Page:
SDA Bible Commentary, vol. 3 (EGW)

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S.D.A. Bible Commentary Vol. 3

1 Chronicles

Chapter 21

1-13 (2 Samuel 24:1-14). David Trusted Himself to God's Mercies—The work of numbering Israel is not fully completed before David feels convicted that he has committed a great sin against God. He sees his error, and humbles himself before God, confessing his great sin in foolishly numbering the people. But his repentance came too late. The word had already gone forth from the Lord to His faithful prophet, to carry a message to David, and offer him his choice of punishments for his transgression. David still shows that he has confidence in God. He chooses to fall into the hands of a merciful God, rather than to be left to the cruel mercies of wicked men (The Spirit of Prophecy 1:385). 3BC 1127.1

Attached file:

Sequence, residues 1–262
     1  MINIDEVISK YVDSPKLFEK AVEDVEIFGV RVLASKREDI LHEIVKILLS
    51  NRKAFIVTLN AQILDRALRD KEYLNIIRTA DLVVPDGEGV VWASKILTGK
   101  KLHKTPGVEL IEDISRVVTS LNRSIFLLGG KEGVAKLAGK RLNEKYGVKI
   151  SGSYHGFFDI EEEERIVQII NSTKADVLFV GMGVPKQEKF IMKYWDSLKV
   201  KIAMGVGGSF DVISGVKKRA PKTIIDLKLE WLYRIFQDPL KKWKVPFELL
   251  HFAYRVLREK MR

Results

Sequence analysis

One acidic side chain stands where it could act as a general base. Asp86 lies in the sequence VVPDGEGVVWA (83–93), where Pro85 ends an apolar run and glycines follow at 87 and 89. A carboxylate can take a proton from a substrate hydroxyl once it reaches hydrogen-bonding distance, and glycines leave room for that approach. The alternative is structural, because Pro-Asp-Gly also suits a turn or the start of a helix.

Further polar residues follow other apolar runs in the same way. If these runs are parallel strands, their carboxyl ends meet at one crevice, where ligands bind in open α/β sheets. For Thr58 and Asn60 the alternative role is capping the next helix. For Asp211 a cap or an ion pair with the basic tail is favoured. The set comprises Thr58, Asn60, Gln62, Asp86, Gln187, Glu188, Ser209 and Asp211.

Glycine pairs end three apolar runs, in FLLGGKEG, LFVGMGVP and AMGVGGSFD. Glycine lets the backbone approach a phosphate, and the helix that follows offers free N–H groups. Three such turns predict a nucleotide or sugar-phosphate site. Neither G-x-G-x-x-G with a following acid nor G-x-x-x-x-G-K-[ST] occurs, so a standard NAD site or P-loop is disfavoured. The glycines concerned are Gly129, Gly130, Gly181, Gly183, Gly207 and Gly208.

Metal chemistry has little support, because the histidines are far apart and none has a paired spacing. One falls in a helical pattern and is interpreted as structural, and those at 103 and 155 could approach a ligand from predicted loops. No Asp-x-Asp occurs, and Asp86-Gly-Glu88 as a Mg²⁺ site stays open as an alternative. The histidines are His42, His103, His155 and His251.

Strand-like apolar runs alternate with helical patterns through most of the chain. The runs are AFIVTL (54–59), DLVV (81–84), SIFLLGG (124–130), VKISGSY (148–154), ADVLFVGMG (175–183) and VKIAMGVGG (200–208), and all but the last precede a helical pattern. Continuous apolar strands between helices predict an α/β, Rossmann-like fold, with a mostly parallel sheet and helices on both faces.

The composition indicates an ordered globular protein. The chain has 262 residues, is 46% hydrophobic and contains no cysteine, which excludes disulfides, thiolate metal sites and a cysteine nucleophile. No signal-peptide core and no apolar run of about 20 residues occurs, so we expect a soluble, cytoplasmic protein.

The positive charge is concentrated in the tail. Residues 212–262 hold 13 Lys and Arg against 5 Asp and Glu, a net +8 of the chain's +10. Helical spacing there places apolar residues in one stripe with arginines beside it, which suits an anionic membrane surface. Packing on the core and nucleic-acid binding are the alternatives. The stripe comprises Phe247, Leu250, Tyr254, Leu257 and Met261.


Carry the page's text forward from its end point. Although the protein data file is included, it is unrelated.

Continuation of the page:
14-27 (2 Samuel 24:15-25). David's Repentance Accepted and Destruction Stayed—Swift destruction followed. Seventy thousand were destroyed by pestilence. David and the elders of Israel were in the deepest humiliation, mourning before the Lord. As the angel of the Lord was on his way to destroy Jerusalem, God bade him stay his work of death. A pitiful God loves His people still, notwithstanding their rebellion. The angel, clad in warlike garments, with a drawn sword in his hand, stretched out over Jerusalem, is revealed to David, and to those who are with him. David is terribly afraid, yet he cries out in his distress, and his compassion for Israel. He begs of God to save the sheep. In anguish he confesses, “I have sinned, and I have done wickedly; but these sheep, what have they done? Let thine hand, I pray thee, be against me, and against my father's house.” God speaks to David, by His prophet, and bids him make atonement for his sin. David's heart was in the work, and his repentance was accepted. The threshing floor of Araunah is offered him freely, where to build an altar unto the Lord; also cattle, and everything needful for the sacrifice. But David tells him who would make this generous offering, that the Lord will accept the sacrifice which he is willing to make, but that he would not come before the Lord with an offering which cost him nothing. He would buy it of him for full price. He offered there burnt-offerings and peace-offerings. God accepted the offerings by answering David in sending fire from heaven to consume the sacrifice. The angel of the Lord was commanded to put his sword into his sheath, and cease his work of destruction (The Spirit of Prophecy 1:385, 386). 3BC 1127.2